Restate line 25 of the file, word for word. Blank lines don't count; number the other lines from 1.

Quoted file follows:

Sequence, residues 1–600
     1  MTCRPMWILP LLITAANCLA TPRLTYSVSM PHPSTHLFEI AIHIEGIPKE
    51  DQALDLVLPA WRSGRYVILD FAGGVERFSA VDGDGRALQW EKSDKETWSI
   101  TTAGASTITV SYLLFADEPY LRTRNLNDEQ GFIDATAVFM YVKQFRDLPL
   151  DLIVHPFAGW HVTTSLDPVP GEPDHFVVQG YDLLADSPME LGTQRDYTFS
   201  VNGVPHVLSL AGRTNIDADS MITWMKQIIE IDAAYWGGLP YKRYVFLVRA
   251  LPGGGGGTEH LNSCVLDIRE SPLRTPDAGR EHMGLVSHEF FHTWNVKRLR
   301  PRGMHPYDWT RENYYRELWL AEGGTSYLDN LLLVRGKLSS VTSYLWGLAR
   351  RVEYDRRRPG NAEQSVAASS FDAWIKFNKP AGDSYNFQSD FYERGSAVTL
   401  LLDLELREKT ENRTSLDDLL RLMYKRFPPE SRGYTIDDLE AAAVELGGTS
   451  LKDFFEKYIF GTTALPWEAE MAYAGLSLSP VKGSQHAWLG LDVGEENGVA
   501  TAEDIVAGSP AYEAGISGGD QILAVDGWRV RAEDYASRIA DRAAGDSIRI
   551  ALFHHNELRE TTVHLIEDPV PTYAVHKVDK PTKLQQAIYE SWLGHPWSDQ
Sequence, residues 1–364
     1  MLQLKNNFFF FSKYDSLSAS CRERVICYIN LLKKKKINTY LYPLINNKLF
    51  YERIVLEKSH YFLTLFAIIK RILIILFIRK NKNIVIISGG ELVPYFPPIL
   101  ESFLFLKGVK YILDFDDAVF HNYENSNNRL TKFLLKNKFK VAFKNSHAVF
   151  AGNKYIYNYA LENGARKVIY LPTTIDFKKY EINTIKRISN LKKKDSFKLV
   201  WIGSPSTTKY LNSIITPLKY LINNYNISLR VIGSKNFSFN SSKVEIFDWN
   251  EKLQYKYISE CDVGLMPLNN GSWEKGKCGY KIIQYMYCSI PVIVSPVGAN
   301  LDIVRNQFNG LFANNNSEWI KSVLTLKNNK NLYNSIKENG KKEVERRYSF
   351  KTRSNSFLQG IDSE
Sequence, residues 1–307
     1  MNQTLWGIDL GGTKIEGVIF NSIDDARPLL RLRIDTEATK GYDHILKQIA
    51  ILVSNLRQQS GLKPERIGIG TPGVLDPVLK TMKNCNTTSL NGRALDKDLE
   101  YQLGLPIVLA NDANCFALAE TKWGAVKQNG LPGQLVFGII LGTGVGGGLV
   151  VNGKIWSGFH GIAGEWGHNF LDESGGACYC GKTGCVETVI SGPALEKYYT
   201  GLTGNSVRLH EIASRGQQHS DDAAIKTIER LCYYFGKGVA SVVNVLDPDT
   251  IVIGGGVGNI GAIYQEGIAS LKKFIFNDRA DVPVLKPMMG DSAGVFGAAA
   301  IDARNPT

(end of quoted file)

    51  ILVSNLRQQS GLKPERIGIG TPGVLDPVLK TMKNCNTTSL NGRALDKDLE